Already up 2-0, the Flame climbed ahead in the third set. The Pickens

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Work begins on sprucing up Easley’s downtown

By Jason Evans

Staff Reporter

EASLEY — Work has begun on a number of different projects aimed at sprucing up Easley’s downtown TIF district.

City council members and city officials discussed the TIF (tax increment financing) work during a council work session last month.

Part of the work includes the addition or replacement of 30 benches, 20 trash receptacles, 15 bike racks and more than 40 new trees across the

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County planning time capsule events, museum display

By Jason Evans
Staff Reporter

PICKENS — The public will be able to get a closer look at the artifacts removed from a time capsule buried in 1968 with the opening of a new exhibit at the Pickens County Museum of Art and History.

The capsule buried at the Pickens County Courthouse was opened on Oct. 5 as part of the county’s sesquicentennial celebration.

“All the artifacts from the time capsule that we excavated a couple weeks back will be on display,” tourism director Jay Pitts said.

An event set for 5:30 p.m. Nov. 15 at the museum will kick off the “150


Days of History” campaign.

“We’re going to celebrate 150 years of Pickens County’s history,” Pitts said.

During the Nov. 15 event, mayors from Central, Clemson, Easley, Liberty, Norris, Pickens and Six Mile will open and read aloud 50-year-old sealed letters from the 1968 time capsule.

A new time capsule will be buried at the Pickens County Courthouse on Dec. 14 following the “Pickens Sesquicentennial Christmas Parade,” set to begin at 7 p.m. that night.

The downtown event is themed “A Hometown Holiday” and is sponsored by the city of Pickens, the Pickens Revitalization Association, the Pickens County Historical Society and county government.

In honor of the sesquicentennial, registration fees for the parade are being waived.

Parade participants are encouraged to dress in period costumes representing 1868 or 1968. The first 1,000 people who dress up will receive a limited-edition commemorative sesquicentennial challenge coin.

All items to be considered for the time capsule must be dropped off at the Pickens County Museum at least two weeks prior to the burial. Items will be evaluated by the Pickens County Historical Society and the Time Capsule Board.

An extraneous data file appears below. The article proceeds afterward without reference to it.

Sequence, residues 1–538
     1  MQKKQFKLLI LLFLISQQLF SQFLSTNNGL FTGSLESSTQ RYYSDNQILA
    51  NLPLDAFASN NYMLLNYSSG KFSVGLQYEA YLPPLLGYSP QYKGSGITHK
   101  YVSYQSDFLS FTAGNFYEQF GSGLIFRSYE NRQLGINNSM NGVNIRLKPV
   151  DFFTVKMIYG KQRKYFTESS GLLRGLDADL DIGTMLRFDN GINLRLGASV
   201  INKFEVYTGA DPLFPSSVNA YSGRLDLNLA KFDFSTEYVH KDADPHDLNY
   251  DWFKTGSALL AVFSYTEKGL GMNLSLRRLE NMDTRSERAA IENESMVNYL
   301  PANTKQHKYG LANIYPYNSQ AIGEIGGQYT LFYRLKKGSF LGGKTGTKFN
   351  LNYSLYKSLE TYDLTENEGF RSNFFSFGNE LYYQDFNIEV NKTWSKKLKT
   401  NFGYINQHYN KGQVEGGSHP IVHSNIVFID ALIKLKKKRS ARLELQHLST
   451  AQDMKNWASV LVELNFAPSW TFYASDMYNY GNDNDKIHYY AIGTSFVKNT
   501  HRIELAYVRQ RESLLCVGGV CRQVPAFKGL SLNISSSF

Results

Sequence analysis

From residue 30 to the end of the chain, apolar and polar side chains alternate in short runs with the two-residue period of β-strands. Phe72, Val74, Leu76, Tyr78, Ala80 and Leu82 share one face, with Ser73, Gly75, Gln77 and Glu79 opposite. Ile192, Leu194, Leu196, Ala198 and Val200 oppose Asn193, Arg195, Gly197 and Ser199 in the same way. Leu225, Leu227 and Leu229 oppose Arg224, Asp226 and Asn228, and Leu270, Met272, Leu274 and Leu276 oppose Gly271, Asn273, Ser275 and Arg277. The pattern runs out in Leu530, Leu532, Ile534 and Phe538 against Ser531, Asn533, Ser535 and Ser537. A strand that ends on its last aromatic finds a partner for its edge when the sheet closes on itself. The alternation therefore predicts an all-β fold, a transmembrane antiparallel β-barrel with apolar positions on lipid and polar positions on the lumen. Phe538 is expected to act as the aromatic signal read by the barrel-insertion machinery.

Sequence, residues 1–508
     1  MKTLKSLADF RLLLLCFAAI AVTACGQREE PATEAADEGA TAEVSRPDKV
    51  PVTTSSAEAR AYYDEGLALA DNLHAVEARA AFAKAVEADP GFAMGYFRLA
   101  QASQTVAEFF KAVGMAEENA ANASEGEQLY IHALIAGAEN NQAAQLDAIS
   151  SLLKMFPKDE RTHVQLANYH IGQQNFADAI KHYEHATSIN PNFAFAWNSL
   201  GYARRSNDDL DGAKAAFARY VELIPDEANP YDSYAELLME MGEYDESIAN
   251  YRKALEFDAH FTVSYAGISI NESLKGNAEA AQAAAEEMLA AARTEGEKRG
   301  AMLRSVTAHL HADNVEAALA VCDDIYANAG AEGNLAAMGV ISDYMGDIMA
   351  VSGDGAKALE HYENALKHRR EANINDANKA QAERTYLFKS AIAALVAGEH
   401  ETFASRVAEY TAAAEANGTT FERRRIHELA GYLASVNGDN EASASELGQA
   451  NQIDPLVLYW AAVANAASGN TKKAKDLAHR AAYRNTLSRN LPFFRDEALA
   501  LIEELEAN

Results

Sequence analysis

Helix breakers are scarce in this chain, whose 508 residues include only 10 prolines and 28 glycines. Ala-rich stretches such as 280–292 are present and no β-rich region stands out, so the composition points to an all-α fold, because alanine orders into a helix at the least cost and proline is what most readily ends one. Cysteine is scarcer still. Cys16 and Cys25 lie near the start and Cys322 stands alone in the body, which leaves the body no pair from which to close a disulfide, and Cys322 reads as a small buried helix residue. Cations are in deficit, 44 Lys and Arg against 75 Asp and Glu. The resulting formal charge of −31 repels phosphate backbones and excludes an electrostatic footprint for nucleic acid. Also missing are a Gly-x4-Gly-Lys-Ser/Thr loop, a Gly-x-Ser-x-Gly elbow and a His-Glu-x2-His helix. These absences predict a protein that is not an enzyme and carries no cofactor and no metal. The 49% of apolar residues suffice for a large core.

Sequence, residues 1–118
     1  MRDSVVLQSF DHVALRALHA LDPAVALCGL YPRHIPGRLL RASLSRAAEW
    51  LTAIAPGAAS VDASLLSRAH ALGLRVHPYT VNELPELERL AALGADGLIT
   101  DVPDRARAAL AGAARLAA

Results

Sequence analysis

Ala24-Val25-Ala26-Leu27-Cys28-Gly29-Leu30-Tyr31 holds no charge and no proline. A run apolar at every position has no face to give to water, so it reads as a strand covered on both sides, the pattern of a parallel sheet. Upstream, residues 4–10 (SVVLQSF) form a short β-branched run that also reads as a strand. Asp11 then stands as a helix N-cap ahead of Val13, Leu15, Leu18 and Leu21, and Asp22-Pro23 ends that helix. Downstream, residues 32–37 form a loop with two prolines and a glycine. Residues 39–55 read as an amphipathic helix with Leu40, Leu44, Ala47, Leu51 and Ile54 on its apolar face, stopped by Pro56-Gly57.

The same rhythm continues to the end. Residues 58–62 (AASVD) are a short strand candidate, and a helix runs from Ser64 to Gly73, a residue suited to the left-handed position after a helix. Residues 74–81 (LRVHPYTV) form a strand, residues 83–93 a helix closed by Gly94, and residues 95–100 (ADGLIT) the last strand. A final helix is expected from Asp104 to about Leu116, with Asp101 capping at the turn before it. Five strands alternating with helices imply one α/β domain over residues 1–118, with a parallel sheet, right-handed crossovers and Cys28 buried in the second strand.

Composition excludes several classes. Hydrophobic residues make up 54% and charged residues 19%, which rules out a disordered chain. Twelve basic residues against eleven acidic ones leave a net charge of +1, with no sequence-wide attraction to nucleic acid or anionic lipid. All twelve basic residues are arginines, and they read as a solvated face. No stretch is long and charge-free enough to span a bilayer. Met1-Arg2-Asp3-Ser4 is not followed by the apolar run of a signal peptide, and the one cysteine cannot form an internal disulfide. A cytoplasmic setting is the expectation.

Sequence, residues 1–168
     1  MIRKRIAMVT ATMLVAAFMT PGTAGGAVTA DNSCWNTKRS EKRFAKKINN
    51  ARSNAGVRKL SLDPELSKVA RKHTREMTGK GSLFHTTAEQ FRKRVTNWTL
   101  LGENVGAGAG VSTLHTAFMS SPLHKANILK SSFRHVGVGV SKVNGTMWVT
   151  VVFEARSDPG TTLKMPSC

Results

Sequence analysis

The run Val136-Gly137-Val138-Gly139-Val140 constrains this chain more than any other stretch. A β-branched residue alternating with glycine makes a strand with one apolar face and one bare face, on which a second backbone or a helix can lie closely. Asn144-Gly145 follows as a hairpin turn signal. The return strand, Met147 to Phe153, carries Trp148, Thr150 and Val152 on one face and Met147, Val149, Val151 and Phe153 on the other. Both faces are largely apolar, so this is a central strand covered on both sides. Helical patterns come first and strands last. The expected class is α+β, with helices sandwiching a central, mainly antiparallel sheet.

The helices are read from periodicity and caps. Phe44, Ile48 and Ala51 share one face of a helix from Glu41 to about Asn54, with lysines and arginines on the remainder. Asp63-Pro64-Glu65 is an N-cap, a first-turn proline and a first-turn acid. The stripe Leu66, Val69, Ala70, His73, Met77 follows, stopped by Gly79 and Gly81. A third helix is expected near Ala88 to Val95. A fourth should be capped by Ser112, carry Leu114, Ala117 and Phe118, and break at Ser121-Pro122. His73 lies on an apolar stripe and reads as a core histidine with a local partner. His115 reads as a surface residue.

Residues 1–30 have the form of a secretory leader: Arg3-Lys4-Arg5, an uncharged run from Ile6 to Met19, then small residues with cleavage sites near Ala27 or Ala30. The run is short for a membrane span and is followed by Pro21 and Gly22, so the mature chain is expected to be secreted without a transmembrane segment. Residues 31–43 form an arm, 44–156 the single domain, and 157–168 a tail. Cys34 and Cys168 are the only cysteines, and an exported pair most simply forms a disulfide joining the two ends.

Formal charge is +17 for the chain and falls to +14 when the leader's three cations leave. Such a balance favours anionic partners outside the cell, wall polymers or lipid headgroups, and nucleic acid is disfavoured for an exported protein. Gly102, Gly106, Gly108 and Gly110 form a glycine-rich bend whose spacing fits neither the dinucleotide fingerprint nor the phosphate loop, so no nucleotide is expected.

The time capsule is scheduled to be unearthed in 2068.

While they wait for the next 50-year unearthing ceremony, officials want to continue to add new exhibits, artifacts and “new life into the museum,” Pitts said.

“One of the areas we’re going to start to strengthen is what we do here at the museum,” Pitts said.

The museum will be emphasizing more events for children, he said.

“We’re going to focus in on what we do for children,” Pitts said. “I believe that before we send them to Columbia, we need to let them see who we are and what we are.”

Museum staff are developing “a host of educational programs,” he said.


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Unwinnable battle of the vine

This may be hard to believe, but they sell both honeysuckle vine and trumpet vine in garden catalogues. Yes, friends, you can order it, and if so inclined — or insane — plant it in your yard.

This weekend, I spent several hours trying to remove a trumpet vine from the middle of an azalea that is being strangled. I pulled and pulled, but with trumpet vine the roots are probably 1,000 feet deep in the earth. This vine was tightly wound around the base of the azalea before spreading out and attacking the branches and leaves.

Any sustenance in the soil was being sucked out by the vine, so my poor azalea was fighting for its life.

After exhaustion set in, I understood that in the battle between me and the

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School district leads on safety measures

A few weeks ago, a student posted a threat on social media to harm students in one of our county high schools. Within 90 minutes, law enforcement was taking that student into custody. This quick response was made possible by a strong partnership that now exists between local law enforcement and our school district.

When I was elected to the school board in April 2014, I learned that the School district was out of compliance on a law that required a district of our size to have an alternative school. Each year, the district, under direction of the school board, had been requesting a waiver on this law. Our school district had been out of compliance with this law since it elected to close the Simpson Alternative school a few years earlier

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Courier Letters to the Editor 11-7-18

Five-letter words

Dear Editor,

There is a little five-letter word that is so powerful that it can’t be destroyed. No matter the depth it is buried, it will someday surface. It can be run from, but no matter how far or hard you run, it will someday find you.

It, like God, always has been and always will be. Feared by even the mightiest evil, because it can destroy that evil, yet it cannot be destroyed